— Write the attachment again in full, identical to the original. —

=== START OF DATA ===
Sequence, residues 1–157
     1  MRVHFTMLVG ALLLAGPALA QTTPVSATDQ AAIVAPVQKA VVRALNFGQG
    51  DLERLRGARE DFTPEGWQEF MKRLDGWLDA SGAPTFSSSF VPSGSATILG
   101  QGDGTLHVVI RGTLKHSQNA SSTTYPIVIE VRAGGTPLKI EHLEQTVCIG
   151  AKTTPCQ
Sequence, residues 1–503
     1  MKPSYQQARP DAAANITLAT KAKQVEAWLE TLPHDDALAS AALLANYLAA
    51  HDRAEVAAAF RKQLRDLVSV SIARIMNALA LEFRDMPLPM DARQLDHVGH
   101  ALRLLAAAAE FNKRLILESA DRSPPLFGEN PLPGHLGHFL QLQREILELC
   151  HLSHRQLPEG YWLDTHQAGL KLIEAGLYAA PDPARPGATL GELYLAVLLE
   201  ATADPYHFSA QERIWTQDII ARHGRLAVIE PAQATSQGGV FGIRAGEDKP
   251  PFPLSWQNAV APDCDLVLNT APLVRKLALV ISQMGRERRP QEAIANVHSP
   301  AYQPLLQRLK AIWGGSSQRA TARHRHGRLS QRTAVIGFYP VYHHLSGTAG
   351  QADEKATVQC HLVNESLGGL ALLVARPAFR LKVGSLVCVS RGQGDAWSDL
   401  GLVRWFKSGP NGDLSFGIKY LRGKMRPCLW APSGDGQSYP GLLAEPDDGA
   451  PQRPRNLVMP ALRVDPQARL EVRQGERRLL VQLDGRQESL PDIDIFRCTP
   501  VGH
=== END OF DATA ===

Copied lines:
Sequence, residues 1–157
     1  MRVHFTMLVG ALLLAGPALA QTTPVSATDQ AAIVAPVQKA VVRALNFGQG
    51  DLERLRGARE DFTPEGWQEF MKRLDGWLDA SGAPTFSSSF VPSGSATILG
   101  QGDGTLHVVI RGTLKHSQNA SSTTYPIVIE VRAGGTPLKI EHLEQTVCIG
   151  AKTTPCQ
Sequence, residues 1–503
     1  MKPSYQQARP DAAANITLAT KAKQVEAWLE TLPHDDALAS AALLANYLAA
    51  HDRAEVAAAF RKQLRDLVSV SIARIMNALA LEFRDMPLPM DARQLDHVGH
   101  ALRLLAAAAE FNKRLILESA DRSPPLFGEN PLPGHLGHFL QLQREILELC
   151  HLSHRQLPEG YWLDTHQAGL KLIEAGLYAA PDPARPGATL GELYLAVLLE
   201  ATADPYHFSA QERIWTQDII ARHGRLAVIE PAQATSQGGV FGIRAGEDKP
   251  PFPLSWQNAV APDCDLVLNT APLVRKLALV ISQMGRERRP QEAIANVHSP
   301  AYQPLLQRLK AIWGGSSQRA TARHRHGRLS QRTAVIGFYP VYHHLSGTAG
   351  QADEKATVQC HLVNESLGGL ALLVARPAFR LKVGSLVCVS RGQGDAWSDL
   401  GLVRWFKSGP NGDLSFGIKY LRGKMRPCLW APSGDGQSYP GLLAEPDDGA
   451  PQRPRNLVMP ALRVDPQARL EVRQGERRLL VQLDGRQESL PDIDIFRCTP
   501  VGH